Mover's Guide: Colorado

August 10, 2010

Elections Division:  303-894-2200 ext. 6307

I moved from the address at which I am registered.  What should I do?

I moved from another state.

If you moved from out of state, you are only eligible to register if you have been a resident of Colorado and the precinct in which you want to vote for at least thirty days prior to the day of the election in which you want to vote.[2]  If you have a Colorado driver’s license or an ID card issued by the Department of Revenue, you may register online.[3]  However, if you do not have these forms of identification, you can register by mail or in-person at the county clerk’s office.[4]

If you moved from out of state, you are only eligible to register if you have been a resident of Colorado for at least thirty days prior to the day of the election in which you want to vote.[5]  But under federal law, if you move within thirty days of a presidential election, you are allowed to vote for President and Vice President in your former state of residence, either in person or by absentee ballot.[6]

I moved within Colorado.

If you moved to a new address within the state, you can update your address online if your signature is stored in digital form with the Colorado Department of State.[7]  You may also submit a letter or form to the county clerk’s office to update your registration records.[8]  The online and paper forms are available here: https://www.sos.state.co.us/Voter/secuRegVoterIntro.do.

The election is right around the corner and I never updated my registration from my previous address.  What should I do?

Many registered Colorado voters who move are still entitled to cast a ballot that will be counted — even if they did not notify the appropriate election official about the move before Election Day and the election official has not changed their registration.

Scenario One: New Address, but Same Polling Place 

If you moved to a new address that is covered by the same polling place as your old address, you can vote a regular ballot at that polling place after confirming your change of address at the polling place. This is true regardless of how close to the election you moved.[9]

Scenario Two: New Address in Same County but New Polling Place

If you moved to a new address within the same county but with a different polling place 30 days or more before an election you can:

  • During the twenty-eight days before Election Day and on Election Day, change your address and vote at the office of the county clerk and recorder.[10]
  • On Election Day, cast a provisional ballot at your new polling place, if you have not yet changed your address at the office of the county clerk and recorder.  The provisional ballot is counted if election officials confirm you are eligible to vote at your new polling place.[11]

If you moved to a new address in a different polling place within the same county during the 29 days before an election you can vote at the polling place associated with your old address on Election Day, by mail-in ballot, or by early voting.[12]  If you vote in-person on Election Day, you will need to sign a change of address form.[13]  Alternatively, you may vote by provisional ballot at your new residence.[14]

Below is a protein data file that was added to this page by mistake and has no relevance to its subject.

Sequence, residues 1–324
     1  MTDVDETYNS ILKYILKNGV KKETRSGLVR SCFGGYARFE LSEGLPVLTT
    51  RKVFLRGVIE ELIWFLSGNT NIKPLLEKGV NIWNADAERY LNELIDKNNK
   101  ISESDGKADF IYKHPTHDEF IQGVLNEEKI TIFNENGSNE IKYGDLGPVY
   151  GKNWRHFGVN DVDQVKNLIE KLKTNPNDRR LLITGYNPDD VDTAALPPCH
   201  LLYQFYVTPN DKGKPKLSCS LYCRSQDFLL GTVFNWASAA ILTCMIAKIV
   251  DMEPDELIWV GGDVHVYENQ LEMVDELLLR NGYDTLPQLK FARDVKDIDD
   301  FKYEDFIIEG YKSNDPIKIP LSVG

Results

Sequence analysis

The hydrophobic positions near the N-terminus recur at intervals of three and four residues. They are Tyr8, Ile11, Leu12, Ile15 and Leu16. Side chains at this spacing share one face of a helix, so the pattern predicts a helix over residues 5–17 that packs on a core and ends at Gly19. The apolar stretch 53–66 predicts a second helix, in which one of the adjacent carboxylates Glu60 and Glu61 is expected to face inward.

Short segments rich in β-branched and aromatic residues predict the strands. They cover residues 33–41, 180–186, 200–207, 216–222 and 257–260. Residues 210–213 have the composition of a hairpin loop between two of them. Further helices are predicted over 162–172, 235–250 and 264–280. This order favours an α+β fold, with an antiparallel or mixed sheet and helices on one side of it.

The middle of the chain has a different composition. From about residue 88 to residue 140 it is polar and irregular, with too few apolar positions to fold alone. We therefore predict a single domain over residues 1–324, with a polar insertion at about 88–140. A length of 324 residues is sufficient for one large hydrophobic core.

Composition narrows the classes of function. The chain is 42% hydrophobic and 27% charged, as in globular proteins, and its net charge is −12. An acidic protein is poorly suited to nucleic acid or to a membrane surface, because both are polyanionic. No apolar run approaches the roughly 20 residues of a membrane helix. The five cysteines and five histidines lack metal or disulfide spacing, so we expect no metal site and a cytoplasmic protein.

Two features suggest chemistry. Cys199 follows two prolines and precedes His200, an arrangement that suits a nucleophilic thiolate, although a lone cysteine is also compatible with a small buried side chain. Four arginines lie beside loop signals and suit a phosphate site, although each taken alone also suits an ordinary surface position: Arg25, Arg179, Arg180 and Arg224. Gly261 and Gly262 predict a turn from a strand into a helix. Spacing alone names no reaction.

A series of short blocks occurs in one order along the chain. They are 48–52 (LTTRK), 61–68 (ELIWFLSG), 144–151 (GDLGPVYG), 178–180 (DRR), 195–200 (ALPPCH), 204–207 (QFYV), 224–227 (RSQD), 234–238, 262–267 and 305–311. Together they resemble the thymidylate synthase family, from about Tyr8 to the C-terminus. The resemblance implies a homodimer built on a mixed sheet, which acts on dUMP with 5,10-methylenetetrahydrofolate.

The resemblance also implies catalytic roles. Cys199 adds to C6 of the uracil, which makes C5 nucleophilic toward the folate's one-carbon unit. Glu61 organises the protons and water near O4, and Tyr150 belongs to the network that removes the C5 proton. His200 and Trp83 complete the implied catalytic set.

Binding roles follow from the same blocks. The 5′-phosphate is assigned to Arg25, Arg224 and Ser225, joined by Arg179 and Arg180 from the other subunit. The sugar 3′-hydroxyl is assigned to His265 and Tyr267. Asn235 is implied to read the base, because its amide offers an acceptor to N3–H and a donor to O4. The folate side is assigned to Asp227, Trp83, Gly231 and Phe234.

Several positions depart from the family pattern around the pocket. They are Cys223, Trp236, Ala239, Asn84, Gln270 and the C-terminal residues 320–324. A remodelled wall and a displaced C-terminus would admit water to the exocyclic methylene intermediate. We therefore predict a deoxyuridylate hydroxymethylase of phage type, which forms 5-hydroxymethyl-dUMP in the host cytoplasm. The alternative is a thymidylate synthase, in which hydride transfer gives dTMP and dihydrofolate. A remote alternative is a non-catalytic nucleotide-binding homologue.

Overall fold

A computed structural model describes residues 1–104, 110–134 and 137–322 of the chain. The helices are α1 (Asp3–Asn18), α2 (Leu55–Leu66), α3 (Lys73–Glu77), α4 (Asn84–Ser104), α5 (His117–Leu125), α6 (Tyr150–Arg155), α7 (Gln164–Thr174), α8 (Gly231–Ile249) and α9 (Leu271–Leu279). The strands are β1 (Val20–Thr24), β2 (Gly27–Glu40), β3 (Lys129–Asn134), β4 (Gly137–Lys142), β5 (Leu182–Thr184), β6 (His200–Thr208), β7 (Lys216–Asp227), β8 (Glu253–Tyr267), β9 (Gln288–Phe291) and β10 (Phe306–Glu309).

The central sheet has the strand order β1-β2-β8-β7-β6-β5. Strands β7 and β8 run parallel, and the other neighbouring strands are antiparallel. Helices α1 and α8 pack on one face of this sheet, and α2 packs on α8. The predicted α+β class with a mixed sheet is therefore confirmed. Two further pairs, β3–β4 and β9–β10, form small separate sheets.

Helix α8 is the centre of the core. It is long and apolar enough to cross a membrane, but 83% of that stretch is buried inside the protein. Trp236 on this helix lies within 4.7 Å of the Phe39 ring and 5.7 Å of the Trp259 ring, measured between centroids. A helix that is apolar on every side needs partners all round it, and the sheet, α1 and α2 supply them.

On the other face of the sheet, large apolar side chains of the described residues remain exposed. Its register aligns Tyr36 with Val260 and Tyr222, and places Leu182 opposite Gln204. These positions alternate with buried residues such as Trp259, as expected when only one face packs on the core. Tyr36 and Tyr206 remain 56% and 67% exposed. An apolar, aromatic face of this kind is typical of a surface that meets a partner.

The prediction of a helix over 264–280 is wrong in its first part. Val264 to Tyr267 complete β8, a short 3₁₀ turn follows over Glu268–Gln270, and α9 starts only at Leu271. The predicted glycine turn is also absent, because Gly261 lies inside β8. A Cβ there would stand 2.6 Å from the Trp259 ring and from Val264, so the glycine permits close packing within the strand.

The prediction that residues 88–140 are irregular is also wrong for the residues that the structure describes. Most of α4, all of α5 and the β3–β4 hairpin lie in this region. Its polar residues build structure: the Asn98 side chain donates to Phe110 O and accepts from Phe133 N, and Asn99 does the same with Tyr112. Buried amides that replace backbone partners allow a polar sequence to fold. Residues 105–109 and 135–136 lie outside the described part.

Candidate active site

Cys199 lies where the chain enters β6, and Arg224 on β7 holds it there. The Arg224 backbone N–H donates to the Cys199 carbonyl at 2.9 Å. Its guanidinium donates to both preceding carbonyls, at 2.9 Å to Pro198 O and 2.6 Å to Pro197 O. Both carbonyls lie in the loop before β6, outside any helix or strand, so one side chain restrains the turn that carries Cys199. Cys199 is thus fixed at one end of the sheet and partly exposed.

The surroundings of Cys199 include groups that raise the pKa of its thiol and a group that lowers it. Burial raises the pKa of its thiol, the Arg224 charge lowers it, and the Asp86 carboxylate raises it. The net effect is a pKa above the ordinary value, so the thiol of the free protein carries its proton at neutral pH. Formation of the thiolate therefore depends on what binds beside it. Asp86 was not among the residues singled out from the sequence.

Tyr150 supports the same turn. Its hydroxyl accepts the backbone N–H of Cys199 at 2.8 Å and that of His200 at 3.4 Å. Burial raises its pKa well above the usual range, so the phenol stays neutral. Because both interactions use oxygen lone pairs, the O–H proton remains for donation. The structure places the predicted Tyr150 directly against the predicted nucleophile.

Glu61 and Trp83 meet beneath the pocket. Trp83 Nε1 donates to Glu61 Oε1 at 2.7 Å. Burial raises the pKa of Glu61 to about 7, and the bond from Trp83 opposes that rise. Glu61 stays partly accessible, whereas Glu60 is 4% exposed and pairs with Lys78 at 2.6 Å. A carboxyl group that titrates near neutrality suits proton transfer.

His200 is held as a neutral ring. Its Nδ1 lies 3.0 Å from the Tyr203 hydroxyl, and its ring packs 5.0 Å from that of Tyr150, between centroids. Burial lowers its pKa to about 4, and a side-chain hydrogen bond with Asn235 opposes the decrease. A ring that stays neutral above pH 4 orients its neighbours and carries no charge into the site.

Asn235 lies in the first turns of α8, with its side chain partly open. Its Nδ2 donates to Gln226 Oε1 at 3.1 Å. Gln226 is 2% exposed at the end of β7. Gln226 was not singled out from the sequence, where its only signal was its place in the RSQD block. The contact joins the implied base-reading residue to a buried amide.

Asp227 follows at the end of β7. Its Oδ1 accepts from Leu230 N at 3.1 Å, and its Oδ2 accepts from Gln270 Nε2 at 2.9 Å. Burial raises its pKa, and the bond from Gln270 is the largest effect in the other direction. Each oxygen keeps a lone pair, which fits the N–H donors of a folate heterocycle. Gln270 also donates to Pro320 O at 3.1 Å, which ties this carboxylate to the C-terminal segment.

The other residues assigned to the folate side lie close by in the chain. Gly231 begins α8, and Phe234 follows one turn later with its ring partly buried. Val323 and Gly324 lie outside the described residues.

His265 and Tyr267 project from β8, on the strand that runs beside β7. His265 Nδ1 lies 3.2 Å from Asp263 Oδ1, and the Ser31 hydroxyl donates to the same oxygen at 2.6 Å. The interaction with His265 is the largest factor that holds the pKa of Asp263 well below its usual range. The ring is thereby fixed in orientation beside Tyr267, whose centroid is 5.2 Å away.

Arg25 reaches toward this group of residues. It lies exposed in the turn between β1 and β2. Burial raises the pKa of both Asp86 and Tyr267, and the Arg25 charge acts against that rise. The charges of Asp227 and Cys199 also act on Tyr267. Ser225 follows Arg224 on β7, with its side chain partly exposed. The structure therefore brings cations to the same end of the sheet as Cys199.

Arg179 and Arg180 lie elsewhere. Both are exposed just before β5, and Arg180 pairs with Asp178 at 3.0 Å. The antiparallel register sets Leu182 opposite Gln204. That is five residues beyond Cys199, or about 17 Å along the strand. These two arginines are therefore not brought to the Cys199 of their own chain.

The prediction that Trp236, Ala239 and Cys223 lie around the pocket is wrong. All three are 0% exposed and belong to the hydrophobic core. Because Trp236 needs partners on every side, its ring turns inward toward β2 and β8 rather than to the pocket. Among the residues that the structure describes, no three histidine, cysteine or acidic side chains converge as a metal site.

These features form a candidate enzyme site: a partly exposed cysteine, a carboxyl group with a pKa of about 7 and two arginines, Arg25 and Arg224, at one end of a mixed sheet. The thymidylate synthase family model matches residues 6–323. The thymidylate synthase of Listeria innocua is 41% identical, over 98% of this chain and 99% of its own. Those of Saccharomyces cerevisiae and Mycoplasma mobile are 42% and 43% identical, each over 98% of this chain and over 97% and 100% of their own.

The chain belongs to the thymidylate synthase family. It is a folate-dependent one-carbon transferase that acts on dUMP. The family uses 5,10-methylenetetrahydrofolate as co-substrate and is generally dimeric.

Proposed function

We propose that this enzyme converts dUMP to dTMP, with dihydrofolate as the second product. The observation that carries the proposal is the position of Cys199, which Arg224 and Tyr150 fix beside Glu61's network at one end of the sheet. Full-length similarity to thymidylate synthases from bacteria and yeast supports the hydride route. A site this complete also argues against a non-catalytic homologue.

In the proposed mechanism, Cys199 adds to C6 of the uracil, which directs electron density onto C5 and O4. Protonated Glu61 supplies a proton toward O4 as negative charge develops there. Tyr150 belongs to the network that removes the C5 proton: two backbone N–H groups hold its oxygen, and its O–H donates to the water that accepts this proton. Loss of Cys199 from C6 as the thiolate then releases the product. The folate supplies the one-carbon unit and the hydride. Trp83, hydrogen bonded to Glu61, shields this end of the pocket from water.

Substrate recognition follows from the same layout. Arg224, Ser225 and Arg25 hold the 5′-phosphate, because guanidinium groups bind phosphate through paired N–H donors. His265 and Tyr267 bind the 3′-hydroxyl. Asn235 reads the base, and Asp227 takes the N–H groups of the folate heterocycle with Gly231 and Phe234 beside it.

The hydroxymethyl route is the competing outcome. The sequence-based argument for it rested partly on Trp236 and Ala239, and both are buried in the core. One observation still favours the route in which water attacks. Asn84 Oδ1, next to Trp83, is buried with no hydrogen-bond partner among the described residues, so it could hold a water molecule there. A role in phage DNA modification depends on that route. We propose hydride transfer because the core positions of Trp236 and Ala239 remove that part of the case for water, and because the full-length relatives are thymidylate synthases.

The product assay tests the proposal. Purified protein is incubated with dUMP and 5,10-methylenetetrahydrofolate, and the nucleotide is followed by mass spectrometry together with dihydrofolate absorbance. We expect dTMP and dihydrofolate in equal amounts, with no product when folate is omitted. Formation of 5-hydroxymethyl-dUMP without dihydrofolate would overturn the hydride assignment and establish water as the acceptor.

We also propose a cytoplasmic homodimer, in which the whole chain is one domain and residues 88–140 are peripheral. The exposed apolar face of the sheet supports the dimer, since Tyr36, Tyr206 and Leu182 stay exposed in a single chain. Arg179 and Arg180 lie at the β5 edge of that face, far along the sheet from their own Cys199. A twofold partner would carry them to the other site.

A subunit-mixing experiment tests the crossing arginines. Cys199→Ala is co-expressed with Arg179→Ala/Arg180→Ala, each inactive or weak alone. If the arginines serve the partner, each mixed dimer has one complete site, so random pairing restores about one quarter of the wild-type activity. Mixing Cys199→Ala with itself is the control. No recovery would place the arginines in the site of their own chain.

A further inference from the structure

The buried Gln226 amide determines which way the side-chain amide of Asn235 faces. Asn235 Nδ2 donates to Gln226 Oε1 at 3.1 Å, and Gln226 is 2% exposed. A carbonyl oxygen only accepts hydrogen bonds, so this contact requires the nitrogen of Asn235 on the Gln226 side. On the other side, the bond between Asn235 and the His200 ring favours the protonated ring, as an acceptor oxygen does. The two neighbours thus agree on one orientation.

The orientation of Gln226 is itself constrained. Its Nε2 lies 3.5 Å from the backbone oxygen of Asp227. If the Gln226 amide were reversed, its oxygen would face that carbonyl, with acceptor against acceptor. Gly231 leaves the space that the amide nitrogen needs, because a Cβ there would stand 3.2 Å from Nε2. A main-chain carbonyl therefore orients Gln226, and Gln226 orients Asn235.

Scenario Three: New Address in New County

If you moved within the state to a new address in a different county more than 30 days before an election but failed to register during the registration period you can:

  • During the twenty-eight days before Election Day and on Election Day, change your address and vote at the office of the county clerk and recorder.[15]
  • On Election Day, cast a provisional ballot in your new county, if you have not yet changed your address at the office of the county clerk and recorder.  The provisional ballot is counted if election officials confirm you are eligible to vote in your new county.[16]

If you moved to a different county within the state during the 29 days before an election you may vote at the polling place associated with your old address, by early voting, by mail-in ballot, or by a provisional ballot and affidavit at the polling place associated with your new residence.[17]


[1] Colo. Rev. Stat. Ann. § 1-2-101(1)(b) (West 2010).  (If this deadline falls on a holiday or weekend, you can register up until the following weekday.)

[2] Colo. Rev. Stat. Ann. § 1-2-201(3).

[3] Colo. Rev. Stat. Ann. §§ 1-202.5(1)(a), 1-2-302(6), Colorado Secretary of State, Go Vote Colorado, https://www.sos.state.co.us/Voter/secuRegVoterIntro.do;jsessionid=0000qz3VbtV1Hbog-L22AIbvzFZ:11p1kuu1d (last visited August 5, 2010).

[4] Colo. Rev. Stat. Ann. § 1-2-202, 8 Colo. Code Regs § 1505-1.2.8 (2010).

[5] Colo. Rev. Stat. Ann. § 1-2-101(1)(b).

[6] 42 U.S.C. § 1973aa-1(e) (2010).

[7] Colo. Rev. Stat. Ann. § 1-2-202.5(1)(a) (West 2010).

[8] Colo. Rev. Stat. Ann. § 1-2-216(1).

[9] Colo. Rev. Stat. Ann. § 1-2-216(5).

[10] Colo. Rev. Stat. Ann. § 1-2-216(4)(a)–(c).

[11] Colo. Rev. Stat. Ann. § 1-8.5-107(3).

[12] Colo. Rev. Stat. Ann. § 1-2-217(1).

[13] Colo. Rev. Stat. Ann. § 1-2-217(2)

[14] Colo. Rev. Stat. Ann. § 1-8.5-108(3).

[15] Colo. Rev. Stat. Ann. § 1-2-216(4)(a)–(c).

[16] Colo. Rev. Stat. Ann. § 1-8.5-107(2).

[17] Colo. Rev. Stat. Ann. § 1-2-217(1);see  id. § 1-8.5-108(2).